You will rarely do something perfectly. While you are perfecting your solution, the situation might already have changed. In times where we in a higher degree are faced with new challenges and obstacles, we have a lot to gain from agile mindsets and an iterative approach to problem-solving. So if you have not already started to settle for ”good enough”, or learned that ”failing fast” is an accelerator for learning and improvement, now is the time!
Let’s start from the beginning.
What is fail fast?
Fail fast is the principle of freely experimenting and learning while trying to reach the desired result. By quickly finding the failures, you can catapult learning and optimize solutions instantly to reach your goal.
The concept of fail fast is strongly connected to the Agile methodology. Agile derives from the software development world, more specifically the agile manifesto written in 2001. The Agile methodology relies on 12 principles, such as ”Our highest priority is to satisfy the customer through early and continuous delivery of valuable software.” The principles all revolve around rapid development, adaptability, and continuous improvement. Read more about Agile methods here.
Why fail fast?
The real aim of fail fast principles is not to fail as fast and often as possible, but to be iterative. When experimenting and innovating, we must be open to failures. It is what we do after the failures, in the iterative process, that matters. Continuous learning equals continuous improvement.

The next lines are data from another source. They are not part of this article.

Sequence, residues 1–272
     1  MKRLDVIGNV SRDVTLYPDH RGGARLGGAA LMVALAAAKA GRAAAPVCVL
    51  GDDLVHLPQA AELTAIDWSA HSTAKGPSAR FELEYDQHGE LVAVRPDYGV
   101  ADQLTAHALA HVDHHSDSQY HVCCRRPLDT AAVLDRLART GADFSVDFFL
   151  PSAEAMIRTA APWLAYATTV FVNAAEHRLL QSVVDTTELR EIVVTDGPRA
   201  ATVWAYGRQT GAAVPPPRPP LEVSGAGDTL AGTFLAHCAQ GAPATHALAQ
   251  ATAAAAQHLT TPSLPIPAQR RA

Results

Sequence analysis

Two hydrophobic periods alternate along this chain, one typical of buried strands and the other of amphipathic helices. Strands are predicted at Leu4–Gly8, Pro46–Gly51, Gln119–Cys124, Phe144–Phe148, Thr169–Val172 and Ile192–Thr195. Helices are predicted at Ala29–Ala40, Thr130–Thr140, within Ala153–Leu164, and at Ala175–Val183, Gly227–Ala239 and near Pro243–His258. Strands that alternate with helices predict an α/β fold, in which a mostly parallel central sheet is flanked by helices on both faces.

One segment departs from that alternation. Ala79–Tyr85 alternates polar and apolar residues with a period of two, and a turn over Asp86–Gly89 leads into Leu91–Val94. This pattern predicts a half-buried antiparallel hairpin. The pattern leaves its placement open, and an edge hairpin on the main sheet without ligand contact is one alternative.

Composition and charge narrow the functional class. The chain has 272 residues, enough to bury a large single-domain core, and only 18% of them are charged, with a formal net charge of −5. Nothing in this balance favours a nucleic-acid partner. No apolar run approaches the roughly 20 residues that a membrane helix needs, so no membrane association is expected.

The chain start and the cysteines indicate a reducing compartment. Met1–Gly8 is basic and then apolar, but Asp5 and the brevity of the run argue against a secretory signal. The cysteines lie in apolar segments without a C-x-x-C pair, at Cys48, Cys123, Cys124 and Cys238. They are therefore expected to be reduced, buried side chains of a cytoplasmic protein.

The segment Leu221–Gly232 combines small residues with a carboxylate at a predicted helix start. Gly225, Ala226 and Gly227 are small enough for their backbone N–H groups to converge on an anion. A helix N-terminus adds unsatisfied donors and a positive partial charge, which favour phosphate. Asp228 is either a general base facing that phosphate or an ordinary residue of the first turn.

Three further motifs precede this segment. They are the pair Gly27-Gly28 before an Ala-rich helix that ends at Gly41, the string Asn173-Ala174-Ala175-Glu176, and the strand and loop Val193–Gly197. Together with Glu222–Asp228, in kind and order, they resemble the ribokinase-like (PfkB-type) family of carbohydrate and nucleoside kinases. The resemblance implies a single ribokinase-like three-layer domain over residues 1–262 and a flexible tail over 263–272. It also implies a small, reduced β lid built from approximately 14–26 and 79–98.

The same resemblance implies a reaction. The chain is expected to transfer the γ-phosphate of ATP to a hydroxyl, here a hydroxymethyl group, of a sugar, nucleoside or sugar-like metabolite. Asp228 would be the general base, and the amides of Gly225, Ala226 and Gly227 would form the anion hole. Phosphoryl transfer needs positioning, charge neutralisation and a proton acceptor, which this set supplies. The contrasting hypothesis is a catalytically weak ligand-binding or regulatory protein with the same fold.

The concept of failing fast has had its fair amount of doubters and has received a whole bunch of criticism. Often because fail fast is put in a phrase like ”fail fast, fail often”. When talking about this, there is a danger in relying too much upon the later part ”fail often”. Sure, failure is inevitable when experimenting, but no one wants to fail often. The important thing is that the lessons learned from failing are utilized to improve your next attempt.
In Agile methodology, the speed of execution is more important than perfect execution. In today’s complex business environment, the first solution providing value is often the best, at least as a start. From there you can scale up and learn from the journey so far. The risk of failure should never stop you or your team from experimenting and trying new things.
How to fail fast, without failing the process.
To get the most out of the fail fast principle, there are a few important things to remember.
1. Take intelligent risks.
Just because the idea of failing fast is liberating, it still does not free us from the consequences our failures might generate. Some problems and challenges still require strategic planning and careful execution. Taking bold risks just because you can is neither smart nor innovative, it’s just dangerous.
2. Never fail to learn.
This can’t be stressed enough. By learning from mistakes, mistakes become gifts. Take time to really reflect over the positive and the negative sides of the experiment, and make sure to adapt the next iteration of your solution according to the new knowledge. Without changing something in your next swing at the challenge, the outcome will still be the same.
3. Start trying and don’t stop.
Don’t spend hours perfecting your solution, try it as soon as you consider it ”good enough”. This might be harder than it seems and doesn’t fit all projects, but the sooner a solution can be tested, the sooner it can be improved. Innovation does not come from failing as fast as possible and then giving up, it comes from a relentless motivation to keep on trying, trying again and learning from what didn’t work the first, second or even the seventh time.
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